Why Do So Many Governments Miss Their Project Deadlines?

gov_top_logo2.gifBy Katherine Barrett and Richard Greene

The Second Avenue line of New York City’s famed subway system was approved by the city’s Board of Transportation in September 1929. The estimated cost was $100 million. The first leg of this ambitious project was passenger-ready on Jan. 1, 2017. The estimated cost of the whole thing is $17 billion.

This may be the king of all delayed projects -- short of efforts to achieve peace on earth. But as residents of most large cities can tell you, project delays are not exactly big news, even if they are a regular feature in the local press. To be sure, some of these delays are unavoidable. But many are self-inflicted wounds.

Delays in the completion of IT projects, for instance, are a commonality. Take, for example, the new driver’s license and identification technology system at the Kansas Department of Revenue (KDOR). Known as KanLicense, it was slated to be finished by early 2012, but the completion date was shoved back to January 2018. Then an announcement was made that the project was being delayed once again for an uncertain period of time.

Although KDOR representatives were unwilling to comment on the reasons for delays, one local newspaper, The Garden City Telegram, reported that “KanLicense has been rife with difficulties and delays.” A recent legislative audit, which pointed to holdups in building and testing the system, raised red flags about its security. One of the issues with the Kansas project was that its scope continued to change, a surefire way to guarantee a project won’t be completed on time.

A substance abuse pilot program in Virginia, involving the use of medication-assisted treatment for alcoholism, was funded at $100,000 for fiscal 2017. The program lagged behind its apportionment of resources. Only $28,000 was spent that year. A January 2018 report by Virginia’s budget office pointed a finger at the cause. “The delay in hiring of program staff was the biggest challenge for program start up.”

Delays in work on New York City’s parks have been a “source of enormous frustration for the city council,” according to Councilman Mark Levine, who chaired the parks committee for the last four years. For example, it takes up to three years for the parks department to complete construction of a $3 million comfort station. The cause, as Levine sees it, is partially an accumulation of generations of added steps in the procurement process to avoid corruption, get the best prices possible and make sure the contract reflects the city’s diverse population. The requirements, he says, “are all motivated by worthy intentions, but the accumulation is a Rube Goldberg-like flow chart.”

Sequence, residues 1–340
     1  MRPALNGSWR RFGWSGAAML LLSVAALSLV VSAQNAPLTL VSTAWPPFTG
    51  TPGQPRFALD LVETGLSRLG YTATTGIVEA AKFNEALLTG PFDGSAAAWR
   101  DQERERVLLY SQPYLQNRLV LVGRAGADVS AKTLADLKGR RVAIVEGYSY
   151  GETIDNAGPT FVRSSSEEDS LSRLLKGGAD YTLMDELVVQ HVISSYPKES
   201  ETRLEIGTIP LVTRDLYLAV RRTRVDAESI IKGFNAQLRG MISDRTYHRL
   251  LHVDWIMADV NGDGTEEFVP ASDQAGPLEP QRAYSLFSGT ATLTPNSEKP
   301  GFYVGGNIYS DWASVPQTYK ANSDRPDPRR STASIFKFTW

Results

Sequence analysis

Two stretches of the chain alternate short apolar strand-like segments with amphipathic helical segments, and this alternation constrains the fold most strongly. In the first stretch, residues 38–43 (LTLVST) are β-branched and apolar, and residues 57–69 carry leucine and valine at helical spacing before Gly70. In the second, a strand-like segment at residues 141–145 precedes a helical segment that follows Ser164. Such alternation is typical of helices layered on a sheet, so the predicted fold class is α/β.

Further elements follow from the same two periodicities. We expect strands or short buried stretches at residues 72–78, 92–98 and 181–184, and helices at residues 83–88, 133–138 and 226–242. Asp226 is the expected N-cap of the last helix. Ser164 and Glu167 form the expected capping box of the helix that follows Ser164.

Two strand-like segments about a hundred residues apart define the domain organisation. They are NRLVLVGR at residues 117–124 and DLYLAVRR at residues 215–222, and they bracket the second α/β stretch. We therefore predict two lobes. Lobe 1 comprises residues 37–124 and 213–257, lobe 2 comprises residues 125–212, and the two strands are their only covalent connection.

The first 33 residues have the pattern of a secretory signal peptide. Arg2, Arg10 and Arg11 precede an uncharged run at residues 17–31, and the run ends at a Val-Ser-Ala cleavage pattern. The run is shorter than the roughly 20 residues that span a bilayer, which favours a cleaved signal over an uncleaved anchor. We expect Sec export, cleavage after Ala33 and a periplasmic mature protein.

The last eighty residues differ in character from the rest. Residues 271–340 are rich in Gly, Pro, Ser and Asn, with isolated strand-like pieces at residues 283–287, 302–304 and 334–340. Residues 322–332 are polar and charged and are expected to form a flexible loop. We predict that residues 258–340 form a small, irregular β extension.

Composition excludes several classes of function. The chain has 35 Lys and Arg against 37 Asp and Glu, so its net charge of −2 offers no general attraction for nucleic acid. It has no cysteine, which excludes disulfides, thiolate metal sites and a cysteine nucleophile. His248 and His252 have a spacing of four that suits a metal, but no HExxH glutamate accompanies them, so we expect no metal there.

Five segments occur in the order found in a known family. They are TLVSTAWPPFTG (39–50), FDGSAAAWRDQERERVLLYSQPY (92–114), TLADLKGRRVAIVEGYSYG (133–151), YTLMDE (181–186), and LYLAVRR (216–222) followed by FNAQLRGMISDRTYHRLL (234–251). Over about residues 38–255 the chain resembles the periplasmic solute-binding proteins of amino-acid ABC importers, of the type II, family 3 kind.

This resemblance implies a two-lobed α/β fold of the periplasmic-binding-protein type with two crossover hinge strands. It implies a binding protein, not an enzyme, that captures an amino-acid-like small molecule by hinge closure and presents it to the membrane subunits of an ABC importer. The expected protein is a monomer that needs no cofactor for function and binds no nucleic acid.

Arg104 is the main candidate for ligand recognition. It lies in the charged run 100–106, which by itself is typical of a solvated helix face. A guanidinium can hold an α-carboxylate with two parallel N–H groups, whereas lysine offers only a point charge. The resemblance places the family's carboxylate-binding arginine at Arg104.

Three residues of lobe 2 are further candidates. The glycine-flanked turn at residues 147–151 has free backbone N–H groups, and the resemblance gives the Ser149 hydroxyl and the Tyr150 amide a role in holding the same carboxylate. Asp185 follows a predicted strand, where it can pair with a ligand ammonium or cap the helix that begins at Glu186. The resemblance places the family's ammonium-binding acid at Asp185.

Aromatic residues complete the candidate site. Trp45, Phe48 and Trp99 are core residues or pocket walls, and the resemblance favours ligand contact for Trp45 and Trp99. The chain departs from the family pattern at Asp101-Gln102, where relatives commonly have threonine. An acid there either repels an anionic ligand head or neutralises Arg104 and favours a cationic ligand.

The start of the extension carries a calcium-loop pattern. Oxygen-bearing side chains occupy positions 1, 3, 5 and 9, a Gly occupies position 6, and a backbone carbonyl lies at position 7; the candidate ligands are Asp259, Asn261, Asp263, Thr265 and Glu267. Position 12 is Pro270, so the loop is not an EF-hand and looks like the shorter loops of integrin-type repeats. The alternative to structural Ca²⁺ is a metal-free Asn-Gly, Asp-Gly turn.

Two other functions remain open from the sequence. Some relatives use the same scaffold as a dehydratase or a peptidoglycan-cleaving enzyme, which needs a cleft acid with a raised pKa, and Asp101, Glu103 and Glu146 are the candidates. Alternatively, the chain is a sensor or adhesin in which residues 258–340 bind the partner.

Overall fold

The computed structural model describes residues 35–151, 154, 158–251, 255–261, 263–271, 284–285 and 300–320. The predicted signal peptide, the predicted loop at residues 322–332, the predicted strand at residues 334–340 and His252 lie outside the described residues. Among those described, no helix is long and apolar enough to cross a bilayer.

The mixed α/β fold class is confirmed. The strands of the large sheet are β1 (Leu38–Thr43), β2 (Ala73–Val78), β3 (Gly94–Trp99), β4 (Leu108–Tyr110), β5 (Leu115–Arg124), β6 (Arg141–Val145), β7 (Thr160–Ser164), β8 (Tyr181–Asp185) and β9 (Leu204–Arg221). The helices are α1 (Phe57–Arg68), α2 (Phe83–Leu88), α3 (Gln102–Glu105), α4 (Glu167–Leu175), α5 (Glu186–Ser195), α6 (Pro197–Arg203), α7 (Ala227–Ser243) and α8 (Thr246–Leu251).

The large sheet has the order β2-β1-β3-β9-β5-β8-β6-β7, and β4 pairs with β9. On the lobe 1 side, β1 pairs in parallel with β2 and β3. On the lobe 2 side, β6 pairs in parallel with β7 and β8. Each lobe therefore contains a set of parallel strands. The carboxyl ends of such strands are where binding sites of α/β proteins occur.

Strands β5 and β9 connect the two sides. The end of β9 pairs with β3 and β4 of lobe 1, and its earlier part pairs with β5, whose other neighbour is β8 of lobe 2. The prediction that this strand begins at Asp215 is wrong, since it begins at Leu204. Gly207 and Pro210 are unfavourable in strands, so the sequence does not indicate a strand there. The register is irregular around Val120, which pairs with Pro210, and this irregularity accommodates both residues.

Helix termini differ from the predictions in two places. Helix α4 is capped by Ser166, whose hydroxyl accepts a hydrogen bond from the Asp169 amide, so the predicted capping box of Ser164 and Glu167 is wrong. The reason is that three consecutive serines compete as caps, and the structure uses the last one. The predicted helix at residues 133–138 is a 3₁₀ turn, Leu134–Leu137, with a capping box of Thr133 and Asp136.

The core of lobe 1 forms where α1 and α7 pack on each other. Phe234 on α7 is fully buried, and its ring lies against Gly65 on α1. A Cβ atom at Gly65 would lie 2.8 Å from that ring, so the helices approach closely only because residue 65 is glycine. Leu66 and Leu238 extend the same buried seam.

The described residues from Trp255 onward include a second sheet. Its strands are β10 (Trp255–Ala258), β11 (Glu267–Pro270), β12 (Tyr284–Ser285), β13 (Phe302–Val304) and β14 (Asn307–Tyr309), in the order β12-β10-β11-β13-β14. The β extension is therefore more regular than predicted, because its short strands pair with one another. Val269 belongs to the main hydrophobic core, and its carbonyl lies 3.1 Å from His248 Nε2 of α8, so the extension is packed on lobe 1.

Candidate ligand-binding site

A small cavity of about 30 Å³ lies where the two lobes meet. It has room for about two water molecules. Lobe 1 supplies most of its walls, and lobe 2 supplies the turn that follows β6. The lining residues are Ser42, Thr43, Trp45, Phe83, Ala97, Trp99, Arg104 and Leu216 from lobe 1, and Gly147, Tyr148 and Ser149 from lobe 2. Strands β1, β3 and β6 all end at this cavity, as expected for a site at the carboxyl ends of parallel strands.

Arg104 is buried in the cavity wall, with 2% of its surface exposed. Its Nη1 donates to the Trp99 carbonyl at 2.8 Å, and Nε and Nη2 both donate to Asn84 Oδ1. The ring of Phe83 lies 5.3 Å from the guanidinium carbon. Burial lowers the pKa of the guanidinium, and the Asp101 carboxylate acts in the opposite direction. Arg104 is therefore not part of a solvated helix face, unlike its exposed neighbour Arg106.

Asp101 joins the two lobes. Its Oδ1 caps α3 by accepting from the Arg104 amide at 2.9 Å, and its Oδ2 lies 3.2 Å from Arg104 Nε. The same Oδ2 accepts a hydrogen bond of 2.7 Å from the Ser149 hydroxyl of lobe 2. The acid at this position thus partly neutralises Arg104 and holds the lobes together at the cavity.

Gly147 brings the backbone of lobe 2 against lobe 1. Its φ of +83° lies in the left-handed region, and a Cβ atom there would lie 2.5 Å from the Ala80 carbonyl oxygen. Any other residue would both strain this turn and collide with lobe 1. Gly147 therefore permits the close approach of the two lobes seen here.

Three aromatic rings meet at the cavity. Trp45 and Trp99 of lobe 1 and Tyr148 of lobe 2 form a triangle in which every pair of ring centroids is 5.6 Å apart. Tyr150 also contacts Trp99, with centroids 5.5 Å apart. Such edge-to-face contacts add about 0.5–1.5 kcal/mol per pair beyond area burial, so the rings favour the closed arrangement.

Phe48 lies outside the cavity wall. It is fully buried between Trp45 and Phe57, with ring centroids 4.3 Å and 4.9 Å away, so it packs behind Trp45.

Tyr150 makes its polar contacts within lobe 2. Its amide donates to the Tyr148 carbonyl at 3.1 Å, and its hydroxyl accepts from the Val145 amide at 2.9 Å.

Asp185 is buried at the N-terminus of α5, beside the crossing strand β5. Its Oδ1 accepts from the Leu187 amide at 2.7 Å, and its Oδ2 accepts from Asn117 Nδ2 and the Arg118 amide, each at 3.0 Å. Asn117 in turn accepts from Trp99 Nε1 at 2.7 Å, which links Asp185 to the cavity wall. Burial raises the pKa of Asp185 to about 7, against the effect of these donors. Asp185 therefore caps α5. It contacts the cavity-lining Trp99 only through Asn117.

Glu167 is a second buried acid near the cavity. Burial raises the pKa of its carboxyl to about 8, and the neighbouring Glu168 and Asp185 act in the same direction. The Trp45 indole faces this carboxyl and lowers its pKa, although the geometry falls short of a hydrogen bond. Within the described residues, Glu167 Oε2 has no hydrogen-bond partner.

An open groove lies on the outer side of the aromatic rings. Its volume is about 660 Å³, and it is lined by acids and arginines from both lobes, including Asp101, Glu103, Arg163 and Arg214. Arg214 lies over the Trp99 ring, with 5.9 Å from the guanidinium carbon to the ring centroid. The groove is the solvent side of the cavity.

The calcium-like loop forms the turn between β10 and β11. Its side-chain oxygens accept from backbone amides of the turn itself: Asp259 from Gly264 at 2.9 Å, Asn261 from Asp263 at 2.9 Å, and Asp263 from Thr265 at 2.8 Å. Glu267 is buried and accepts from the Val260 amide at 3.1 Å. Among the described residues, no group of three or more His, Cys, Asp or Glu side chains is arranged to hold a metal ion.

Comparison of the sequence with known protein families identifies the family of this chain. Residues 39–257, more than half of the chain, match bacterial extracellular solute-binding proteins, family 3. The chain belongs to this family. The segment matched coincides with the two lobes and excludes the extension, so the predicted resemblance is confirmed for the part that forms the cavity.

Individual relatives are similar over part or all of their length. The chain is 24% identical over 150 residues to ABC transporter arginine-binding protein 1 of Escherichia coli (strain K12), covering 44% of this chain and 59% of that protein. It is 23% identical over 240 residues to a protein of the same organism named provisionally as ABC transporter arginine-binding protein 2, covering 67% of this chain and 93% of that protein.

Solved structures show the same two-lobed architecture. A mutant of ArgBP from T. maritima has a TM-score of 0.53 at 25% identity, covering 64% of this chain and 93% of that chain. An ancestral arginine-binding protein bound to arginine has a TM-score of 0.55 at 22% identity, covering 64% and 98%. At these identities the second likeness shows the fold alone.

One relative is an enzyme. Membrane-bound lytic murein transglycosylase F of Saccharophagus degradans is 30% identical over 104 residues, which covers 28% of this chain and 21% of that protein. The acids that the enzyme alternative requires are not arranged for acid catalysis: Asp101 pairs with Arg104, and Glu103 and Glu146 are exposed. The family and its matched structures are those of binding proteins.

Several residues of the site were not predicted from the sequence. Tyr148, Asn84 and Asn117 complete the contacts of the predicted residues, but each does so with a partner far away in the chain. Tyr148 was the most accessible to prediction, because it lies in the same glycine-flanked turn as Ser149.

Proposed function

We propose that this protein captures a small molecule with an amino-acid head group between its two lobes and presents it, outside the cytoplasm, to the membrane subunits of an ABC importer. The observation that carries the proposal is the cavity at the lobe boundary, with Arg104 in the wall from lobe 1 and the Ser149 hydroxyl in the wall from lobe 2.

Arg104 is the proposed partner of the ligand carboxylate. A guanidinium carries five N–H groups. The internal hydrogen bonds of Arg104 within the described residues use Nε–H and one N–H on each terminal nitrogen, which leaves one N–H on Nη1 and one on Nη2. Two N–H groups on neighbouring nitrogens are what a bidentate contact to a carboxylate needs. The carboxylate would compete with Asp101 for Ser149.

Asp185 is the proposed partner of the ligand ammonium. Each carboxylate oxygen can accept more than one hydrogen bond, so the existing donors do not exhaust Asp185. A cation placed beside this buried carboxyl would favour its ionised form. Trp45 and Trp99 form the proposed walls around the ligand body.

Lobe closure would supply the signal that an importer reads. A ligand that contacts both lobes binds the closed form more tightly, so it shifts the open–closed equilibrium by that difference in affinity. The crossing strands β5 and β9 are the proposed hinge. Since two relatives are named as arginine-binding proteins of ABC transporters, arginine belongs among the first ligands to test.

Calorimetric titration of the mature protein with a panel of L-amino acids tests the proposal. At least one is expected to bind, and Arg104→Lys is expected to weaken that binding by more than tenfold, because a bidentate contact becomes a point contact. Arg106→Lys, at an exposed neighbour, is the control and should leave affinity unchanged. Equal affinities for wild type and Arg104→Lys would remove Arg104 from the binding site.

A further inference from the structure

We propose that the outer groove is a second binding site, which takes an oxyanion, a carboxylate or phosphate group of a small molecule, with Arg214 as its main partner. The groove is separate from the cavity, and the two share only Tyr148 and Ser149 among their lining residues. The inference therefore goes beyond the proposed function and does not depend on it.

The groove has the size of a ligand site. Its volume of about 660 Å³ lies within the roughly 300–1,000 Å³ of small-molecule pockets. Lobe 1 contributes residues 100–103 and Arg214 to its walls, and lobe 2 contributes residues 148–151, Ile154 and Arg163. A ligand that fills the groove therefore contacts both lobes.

This is not unlike issues with civil service systems, which are established to avoid nepotism and discrimination. They certainly can help avoid these kinds of issues, but when the rules become too difficult to fulfill without delays, there’s an unfortunate trade-off.

Clearly, one of the biggest areas in which delays are epidemic is in governmental procurement. According to Dugan Petty, a senior fellow for the Center for Digital Government at Governing’s parent company, e.Republic, there are a number of reasons for this. Procurements can be slowed by an overabundance of burdensome rules, as with the New York City parks, but there are sometimes even simpler reasons. For instance, with the number of upcoming retirements, Petty says that thinned-out staff “are just not going to be able to run the process at optimal speed.”

Jorge A. Lynch, an internationally known procurement adviser, offers some of the most significant reasons for delayed procurements: lags in preparing technical specifications; failure to start the procurement process on time; extension of bid or proposal submission date; holdups in starting or finishing the evaluation process; and delays in the approval process and in contract negotiation. “The duration of contract negotiations is beyond the control of the procuring entity,” Lynch advises, “so it should be conservatively determined during procurement planning and scheduling.”

Petty sees another solution in “sourcing teams,” which bring all the major players into the effort at the outset of the procurement. Massachusetts has long used the approach. It draws together members from the executive branch, as well as municipalities that use statewide contracts. These groups meet regularly to ensure the contract is running smoothly for the duration of the project.

Curiously, many projects that appear to be missing deadlines may actually be on schedule or moving ahead in reasonable time. They may be victims of a phenomenon called optimism bias. “It’s the risk we face when we assume that something that goes wrong will not go wrong for us,” says Kiron Bondale, a consultant in the project management field. “A lot of decision-makers on projects tend to see the world through rose-colored glasses.”

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